As our living ark swings around the Sun, its current loop is fairly circular. But Earth's orbit isn't as stable as you may think.
Every 405,000 years, our planet's orbit stretches out and becomes 5 percent elliptical, before returning to a more even path.
Now, new evidence suggests that Earth's fluctuating orbit could actually impact biological evolution.
A team of scientists led by paleoceanographer Luc Beaufort, from the French National Centre for Scientific Research (CNRS) have found clues that orbital eccentricity is driving evolutionary bursts of new species, at least in plankton of the photosynthesizing variety (phytoplankton).
Coccolithophores are microscopic sunlight-eating algae that create plates of limestone around their soft, single-cellular bodies. These limestone shells, called coccoliths, are extremely prevalent in our fossil records – first appearing around 215 million years ago during the Upper Triassic.
Did you ever wonder how the White Cliffs of Dover were formed?— The FOSSIL Project (@projectFOSSIL) December 13, 2018
They're made of #microfossils! Single-celled coccolithophores produce calcium carbonate #coccoliths that fossilize and form chalk!
Watch this clip of coccolith formation courtesy of Alison R. Taylor!#paleontology pic.twitter.com/5N95rQxB20
These oceanic drifters are so abundant they contribute massively to Earth's nutrient cycles, so forces that alter their presence can have a huge impact on our planet's systems.
Beaufort and colleagues measured a staggering 9 million coccoliths across 2.8 million years of evolution in the Indian and Pacific oceans, with the help of AI automated microscopy. Using well-dated ocean sedimentary samples they were able to obtain an incredibly detailed resolution of around 2,000 years.
The researchers were able to use size ranges of the coccoliths to estimate species numbers, as previous genetic studies have confirmed different species in the Noelaerhabdaceae family of coccolithophores can be told apart through their cell sizes.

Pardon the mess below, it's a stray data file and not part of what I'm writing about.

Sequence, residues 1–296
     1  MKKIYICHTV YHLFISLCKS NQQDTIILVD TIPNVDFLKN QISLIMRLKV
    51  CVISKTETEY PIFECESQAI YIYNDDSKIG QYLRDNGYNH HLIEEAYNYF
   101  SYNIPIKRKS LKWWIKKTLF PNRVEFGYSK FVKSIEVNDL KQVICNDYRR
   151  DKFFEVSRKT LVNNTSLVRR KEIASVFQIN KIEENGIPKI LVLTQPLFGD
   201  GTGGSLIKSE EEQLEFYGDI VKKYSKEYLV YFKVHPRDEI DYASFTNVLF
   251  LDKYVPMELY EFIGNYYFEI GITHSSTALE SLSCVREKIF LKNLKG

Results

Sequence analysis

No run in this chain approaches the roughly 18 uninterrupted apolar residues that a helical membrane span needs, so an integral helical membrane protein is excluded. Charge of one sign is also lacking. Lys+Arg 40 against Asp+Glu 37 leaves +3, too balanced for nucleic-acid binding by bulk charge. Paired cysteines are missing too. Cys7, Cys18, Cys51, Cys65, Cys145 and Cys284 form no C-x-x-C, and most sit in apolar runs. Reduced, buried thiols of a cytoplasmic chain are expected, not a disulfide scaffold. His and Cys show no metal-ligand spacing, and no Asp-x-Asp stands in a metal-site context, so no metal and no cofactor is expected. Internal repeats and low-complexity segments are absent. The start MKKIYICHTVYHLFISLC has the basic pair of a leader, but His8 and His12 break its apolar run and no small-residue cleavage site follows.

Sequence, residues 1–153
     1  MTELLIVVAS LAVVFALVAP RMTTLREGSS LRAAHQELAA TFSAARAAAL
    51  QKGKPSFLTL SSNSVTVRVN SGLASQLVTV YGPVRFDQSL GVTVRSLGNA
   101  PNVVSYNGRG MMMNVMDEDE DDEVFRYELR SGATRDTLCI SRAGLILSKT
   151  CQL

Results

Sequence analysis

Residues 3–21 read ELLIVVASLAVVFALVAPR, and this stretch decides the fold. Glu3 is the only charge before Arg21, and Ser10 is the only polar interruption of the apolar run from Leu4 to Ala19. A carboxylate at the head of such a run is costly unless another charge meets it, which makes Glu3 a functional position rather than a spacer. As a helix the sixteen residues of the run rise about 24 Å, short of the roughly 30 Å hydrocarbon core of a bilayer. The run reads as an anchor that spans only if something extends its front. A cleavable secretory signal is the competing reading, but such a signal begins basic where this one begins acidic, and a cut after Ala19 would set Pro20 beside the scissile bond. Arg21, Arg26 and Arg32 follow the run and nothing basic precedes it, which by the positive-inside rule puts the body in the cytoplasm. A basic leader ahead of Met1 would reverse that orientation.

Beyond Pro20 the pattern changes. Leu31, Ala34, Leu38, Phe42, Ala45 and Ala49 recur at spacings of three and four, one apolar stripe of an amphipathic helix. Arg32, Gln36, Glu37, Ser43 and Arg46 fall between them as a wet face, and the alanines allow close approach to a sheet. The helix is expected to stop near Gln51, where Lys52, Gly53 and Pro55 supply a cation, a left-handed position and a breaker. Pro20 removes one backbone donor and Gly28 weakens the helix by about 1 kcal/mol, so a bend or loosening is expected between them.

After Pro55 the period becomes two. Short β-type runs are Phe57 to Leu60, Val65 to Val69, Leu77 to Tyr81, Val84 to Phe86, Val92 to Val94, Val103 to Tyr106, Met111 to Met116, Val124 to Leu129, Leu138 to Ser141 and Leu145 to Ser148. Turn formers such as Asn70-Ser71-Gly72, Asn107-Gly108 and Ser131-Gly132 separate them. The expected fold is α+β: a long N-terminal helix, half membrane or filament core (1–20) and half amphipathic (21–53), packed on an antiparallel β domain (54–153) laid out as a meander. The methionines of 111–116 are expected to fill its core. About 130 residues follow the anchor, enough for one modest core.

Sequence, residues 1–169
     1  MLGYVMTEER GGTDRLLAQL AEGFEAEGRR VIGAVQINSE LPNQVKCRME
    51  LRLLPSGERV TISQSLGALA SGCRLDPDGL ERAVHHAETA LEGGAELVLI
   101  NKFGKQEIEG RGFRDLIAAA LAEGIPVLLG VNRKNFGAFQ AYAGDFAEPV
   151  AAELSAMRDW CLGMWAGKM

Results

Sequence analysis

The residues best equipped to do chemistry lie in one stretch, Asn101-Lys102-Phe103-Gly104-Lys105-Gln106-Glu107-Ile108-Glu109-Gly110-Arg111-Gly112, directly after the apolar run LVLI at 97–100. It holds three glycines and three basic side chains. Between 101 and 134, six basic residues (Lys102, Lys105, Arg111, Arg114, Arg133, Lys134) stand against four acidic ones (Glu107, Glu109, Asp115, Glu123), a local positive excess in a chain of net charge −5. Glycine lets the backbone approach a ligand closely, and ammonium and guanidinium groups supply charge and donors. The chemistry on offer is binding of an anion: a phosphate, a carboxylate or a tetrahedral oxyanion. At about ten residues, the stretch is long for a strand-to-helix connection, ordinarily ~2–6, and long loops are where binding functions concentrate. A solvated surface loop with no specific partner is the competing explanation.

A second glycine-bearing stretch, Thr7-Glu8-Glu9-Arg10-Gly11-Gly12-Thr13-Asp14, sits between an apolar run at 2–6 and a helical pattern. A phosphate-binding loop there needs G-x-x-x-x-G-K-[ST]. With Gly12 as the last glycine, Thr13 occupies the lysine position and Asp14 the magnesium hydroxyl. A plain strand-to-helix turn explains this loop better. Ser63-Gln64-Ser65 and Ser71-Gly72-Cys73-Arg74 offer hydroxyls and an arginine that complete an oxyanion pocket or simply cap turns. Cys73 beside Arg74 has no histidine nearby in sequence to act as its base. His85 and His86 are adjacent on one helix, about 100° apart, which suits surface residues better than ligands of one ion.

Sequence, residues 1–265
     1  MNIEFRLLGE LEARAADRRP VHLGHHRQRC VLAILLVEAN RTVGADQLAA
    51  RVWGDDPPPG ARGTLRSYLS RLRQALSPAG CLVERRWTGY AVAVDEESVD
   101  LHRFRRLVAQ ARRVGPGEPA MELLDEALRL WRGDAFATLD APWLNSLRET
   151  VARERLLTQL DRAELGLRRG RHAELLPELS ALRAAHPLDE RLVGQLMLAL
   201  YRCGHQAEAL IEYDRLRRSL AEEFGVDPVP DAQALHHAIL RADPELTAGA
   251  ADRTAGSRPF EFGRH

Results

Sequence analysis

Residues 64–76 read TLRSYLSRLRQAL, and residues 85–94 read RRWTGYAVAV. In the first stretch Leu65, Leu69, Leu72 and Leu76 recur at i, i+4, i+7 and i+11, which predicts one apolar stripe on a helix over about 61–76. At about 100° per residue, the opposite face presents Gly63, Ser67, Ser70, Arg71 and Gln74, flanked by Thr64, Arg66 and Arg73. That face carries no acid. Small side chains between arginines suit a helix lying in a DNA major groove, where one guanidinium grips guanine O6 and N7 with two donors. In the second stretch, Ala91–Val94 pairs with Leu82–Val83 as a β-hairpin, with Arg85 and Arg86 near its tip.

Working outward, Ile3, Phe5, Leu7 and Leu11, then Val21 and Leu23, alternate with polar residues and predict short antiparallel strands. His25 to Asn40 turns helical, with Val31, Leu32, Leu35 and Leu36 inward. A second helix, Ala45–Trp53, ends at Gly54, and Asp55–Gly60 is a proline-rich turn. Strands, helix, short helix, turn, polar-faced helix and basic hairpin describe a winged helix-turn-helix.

They discovered the average length of a coccolith followed a regular cycle in line with the 405,000 year orbital eccentricity cycle. The largest average coccolith size appeared a slight time lag after the highest eccentricity. This was irrespective of if Earth was experiencing a glacial or interglacial state.
"In the modern ocean, the highest phytoplankton diversity is found in the tropical band, a pattern probably related to high temperatures and stable conditions, whereas seasonal species turnover is highest at mid-latitudes because of a strong seasonal temperature contrast," Beaufort and colleagues explained in their paper.
They found this same pattern was reflected across the large time scales they examined. As Earth's orbit becomes more elliptical the seasons around its equator become more pronounced. These more varied conditions spurred coccolithophores to diversify into more species.
"A greater diversity of ecological niches when seasonality is high leads to a larger number of species because Noelaerhabdaceae adaptation is characterized by the adjustment of coccolith size and degree of calcification to thrive in the new environments."
The most recent evolutionary phase the team detected started around 550,000 years ago – a radiation event in which new Gephyrocapsa species emerged. Beaufort and colleagues confirmed this interpretation using genetic data on the species alive today.
By using data from both oceans they were also able to distinguish between local and global events.
What's more, by calculating mass accumulation rates in the sediment samples the researchers untangled the potential impact morphologically different species had on Earth's carbon cycle, which they can modulate through both photosynthesis and the production of their limestone (CaCO3) shells.
"Lighter species (for example, E. huxleyi and G. caribbeanica) contribute the most to coccolith carbonate export," the team wrote, explaining that when mid-size opportunistic species dominate there is less carbon being stored away through shells from the dead animals sinking into the depths.
In light of these findings and other supporting research, Beaufort and team suggest the lag seen between orbital eccentricity and changes in climate could hint that "coccolithophores may drive – rather than just respond to – carbon cycle changes."
In other words, these minuscule little organisms, along with other phytoplankton, may help change Earth's climate in response to these orbital events. But further work is required to confirm this.
This research was published in Nature.